...and then pass in your color name as a property. This is something I'd commonly do if an author has color options for a block in the CMS, for example. Instead you have two options: either make a massive if statement at the top of your file where it assigns full class names based on the property, or just keep the template as is and make sure all your possible options are included in a comment somewhere in your project. I generally opt for the latter, because making my templates so much more verbose isn't really an appealing option. Still, it feels kinda bad.

Okay, so should you use Tailwind?

With those relatively minor quibbles out of the way, would I still recommend Tailwind? In general: yes. But in my mind, there are two primary considerations when it comes to deciding whether or not to use Tailwind on a new project:

First, what kind of project is it?

Tailwind is extremely good for component-based apps and sites. If you're building something in Vue or another front-end framework, Tailwind is a good match. If you're building a large website using more traditional methods, Tailwind is still a good match as long as you're building the site in a reusable, modular way. If you're building a flashy one-pager with extremely custom design requirements, you're probably going to be fighting with Tailwind more than it's helping.

Second, how is it being designed?

Are you both the designer and developer? Tailwind makes it super easy to design on the fly in the browser, and since you're made to stick to the config values you've chosen, consistency is enforced. There's almost always going to be a strong case for Tailwind in these situations.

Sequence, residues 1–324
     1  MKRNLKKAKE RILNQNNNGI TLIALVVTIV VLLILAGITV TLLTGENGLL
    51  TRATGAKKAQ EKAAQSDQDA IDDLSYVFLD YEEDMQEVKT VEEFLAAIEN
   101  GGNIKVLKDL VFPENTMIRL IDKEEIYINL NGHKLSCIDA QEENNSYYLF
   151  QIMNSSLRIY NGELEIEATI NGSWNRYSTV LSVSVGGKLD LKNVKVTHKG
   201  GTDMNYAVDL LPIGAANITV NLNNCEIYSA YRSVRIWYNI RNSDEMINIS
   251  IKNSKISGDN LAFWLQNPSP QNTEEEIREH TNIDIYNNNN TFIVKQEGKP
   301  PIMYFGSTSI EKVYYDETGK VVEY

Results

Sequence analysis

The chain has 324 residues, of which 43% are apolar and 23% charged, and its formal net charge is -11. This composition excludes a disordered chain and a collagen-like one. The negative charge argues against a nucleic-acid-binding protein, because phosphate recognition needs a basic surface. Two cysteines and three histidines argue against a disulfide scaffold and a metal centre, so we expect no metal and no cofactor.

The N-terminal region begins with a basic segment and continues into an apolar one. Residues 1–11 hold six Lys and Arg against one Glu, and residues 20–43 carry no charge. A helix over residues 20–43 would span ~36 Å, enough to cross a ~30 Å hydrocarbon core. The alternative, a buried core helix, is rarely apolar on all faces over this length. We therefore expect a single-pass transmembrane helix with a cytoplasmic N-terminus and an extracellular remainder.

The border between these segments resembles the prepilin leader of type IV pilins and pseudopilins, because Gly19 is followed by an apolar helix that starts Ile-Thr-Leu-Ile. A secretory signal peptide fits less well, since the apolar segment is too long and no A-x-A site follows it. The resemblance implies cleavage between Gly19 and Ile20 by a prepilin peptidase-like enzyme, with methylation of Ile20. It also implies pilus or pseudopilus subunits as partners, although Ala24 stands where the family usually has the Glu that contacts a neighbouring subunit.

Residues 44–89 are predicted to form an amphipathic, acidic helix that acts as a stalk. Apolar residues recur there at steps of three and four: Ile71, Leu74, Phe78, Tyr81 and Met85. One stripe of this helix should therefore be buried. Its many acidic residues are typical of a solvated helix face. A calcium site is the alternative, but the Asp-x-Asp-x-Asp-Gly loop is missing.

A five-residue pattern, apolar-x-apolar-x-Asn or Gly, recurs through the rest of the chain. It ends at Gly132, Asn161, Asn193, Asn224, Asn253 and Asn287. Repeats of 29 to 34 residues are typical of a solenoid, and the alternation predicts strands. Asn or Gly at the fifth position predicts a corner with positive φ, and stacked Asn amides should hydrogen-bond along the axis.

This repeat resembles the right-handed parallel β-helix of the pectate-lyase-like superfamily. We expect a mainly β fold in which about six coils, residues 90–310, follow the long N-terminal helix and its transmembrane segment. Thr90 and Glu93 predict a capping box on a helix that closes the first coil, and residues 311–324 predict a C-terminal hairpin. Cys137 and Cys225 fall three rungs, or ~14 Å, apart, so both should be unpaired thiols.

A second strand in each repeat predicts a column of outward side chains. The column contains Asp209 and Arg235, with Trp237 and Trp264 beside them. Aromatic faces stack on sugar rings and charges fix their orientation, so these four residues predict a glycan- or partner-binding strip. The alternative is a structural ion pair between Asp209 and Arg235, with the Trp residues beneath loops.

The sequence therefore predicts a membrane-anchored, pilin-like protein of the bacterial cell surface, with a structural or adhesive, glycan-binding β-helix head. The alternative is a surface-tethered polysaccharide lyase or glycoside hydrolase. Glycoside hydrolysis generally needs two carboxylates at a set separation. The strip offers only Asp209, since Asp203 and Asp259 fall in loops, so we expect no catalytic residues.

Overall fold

Are the designers involved creating or working within a design system? Use Tailwind, but work closely with the designers so you're on the same page when it comes to things like color, spacing, and font options. Your Tailwind config file should mirror the design system as closely as possible. I would also strongly recommend in this situation ditching Tailwind's approach to spacing and type scales, and completely customizing those in the config file based on your project needs. By that I mean, instead of using the default p-4 for 24px padding and text-xl for 1.25rem (20px) text, standardize those to be p-24 and text-20. Using a pixel-based scale is much easier to work with since you're not having to remember what values mean or constantly refer back to the Tailwind docs. Also, when your designers surprise you by introducing a new font or spacing choice that falls between two values, you don't have to try to figure out what a word is for something that's between medium and large, or do something gross like having a class called p-3pt5. After all, we're trying to avoid naming things.

Are you working designers who aren't using a design system, are frequently inconsistent, or expect pixel-perfect accuracy? You might want to skip Tailwind in that case. As mentioned, Tailwind enforces consistency and having to make one-off exceptions for individual use cases really feels like it goes against the ethos of the whole framework.

Final thoughts

For the majority of my projects these days, Tailwind has become my go-to. It allows me to work much faster than ever before and write far less CSS. More importantly, I spend much less time worrying about whether or not my styling changes for one component are going to inadvertently affect something elsewhere on a project. Like any other approach, however, there are trade-offs, downsides, and adjustments to your workflow. 

If you're late to the Tailwind party, I'd strongly recommend watching Simon's talk to get pumped up about it, and then giving it a try. If you hate it at first, stick with it for a few days before throwing in the towel. You might find that after going back to your old ways, it's not long before you get the urge to sprinkle in just a few utility classes. Because you know what, they did kind of make a few things easier here and there didn't they?